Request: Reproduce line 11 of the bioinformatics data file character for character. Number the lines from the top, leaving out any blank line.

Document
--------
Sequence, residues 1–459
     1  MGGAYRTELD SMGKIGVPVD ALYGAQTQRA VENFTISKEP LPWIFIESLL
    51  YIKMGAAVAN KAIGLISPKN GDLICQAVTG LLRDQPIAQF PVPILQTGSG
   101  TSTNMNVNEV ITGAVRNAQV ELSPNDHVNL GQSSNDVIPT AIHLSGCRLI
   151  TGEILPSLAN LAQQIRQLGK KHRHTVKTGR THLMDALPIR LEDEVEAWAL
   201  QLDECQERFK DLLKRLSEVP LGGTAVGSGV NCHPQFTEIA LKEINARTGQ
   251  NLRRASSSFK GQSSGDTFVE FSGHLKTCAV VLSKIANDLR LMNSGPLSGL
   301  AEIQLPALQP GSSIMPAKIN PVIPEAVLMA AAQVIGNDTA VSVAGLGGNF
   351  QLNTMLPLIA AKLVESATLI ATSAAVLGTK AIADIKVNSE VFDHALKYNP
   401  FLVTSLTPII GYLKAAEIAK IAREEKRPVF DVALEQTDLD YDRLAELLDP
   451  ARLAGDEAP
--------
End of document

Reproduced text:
   451  ARLAGDEAP